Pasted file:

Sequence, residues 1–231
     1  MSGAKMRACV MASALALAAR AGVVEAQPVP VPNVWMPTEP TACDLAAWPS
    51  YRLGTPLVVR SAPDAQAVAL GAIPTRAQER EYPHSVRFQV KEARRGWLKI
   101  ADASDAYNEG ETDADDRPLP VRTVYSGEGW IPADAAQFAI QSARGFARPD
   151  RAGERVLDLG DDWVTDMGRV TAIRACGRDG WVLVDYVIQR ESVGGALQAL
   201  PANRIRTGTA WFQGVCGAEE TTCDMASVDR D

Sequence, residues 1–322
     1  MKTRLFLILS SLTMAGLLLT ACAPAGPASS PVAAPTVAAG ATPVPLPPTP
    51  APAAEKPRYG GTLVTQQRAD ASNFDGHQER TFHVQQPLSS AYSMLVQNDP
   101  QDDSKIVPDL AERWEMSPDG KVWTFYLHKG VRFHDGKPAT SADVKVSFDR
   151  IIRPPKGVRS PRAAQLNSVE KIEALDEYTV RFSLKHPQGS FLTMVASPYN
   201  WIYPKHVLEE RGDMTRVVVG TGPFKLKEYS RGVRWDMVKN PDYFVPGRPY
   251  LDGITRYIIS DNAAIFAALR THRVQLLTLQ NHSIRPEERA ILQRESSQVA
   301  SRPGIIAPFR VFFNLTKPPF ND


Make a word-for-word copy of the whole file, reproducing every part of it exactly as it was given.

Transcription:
Sequence, residues 1–231
     1  MSGAKMRACV MASALALAAR AGVVEAQPVP VPNVWMPTEP TACDLAAWPS
    51  YRLGTPLVVR SAPDAQAVAL GAIPTRAQER EYPHSVRFQV KEARRGWLKI
   101  ADASDAYNEG ETDADDRPLP VRTVYSGEGW IPADAAQFAI QSARGFARPD
   151  RAGERVLDLG DDWVTDMGRV TAIRACGRDG WVLVDYVIQR ESVGGALQAL
   201  PANRIRTGTA WFQGVCGAEE TTCDMASVDR D

Sequence, residues 1–322
     1  MKTRLFLILS SLTMAGLLLT ACAPAGPASS PVAAPTVAAG ATPVPLPPTP
    51  APAAEKPRYG GTLVTQQRAD ASNFDGHQER TFHVQQPLSS AYSMLVQNDP
   101  QDDSKIVPDL AERWEMSPDG KVWTFYLHKG VRFHDGKPAT SADVKVSFDR
   151  IIRPPKGVRS PRAAQLNSVE KIEALDEYTV RFSLKHPQGS FLTMVASPYN
   201  WIYPKHVLEE RGDMTRVVVG TGPFKLKEYS RGVRWDMVKN PDYFVPGRPY
   251  LDGITRYIIS DNAAIFAALR THRVQLLTLQ NHSIRPEERA ILQRESSQVA
   301  SRPGIIAPFR VFFNLTKPPF ND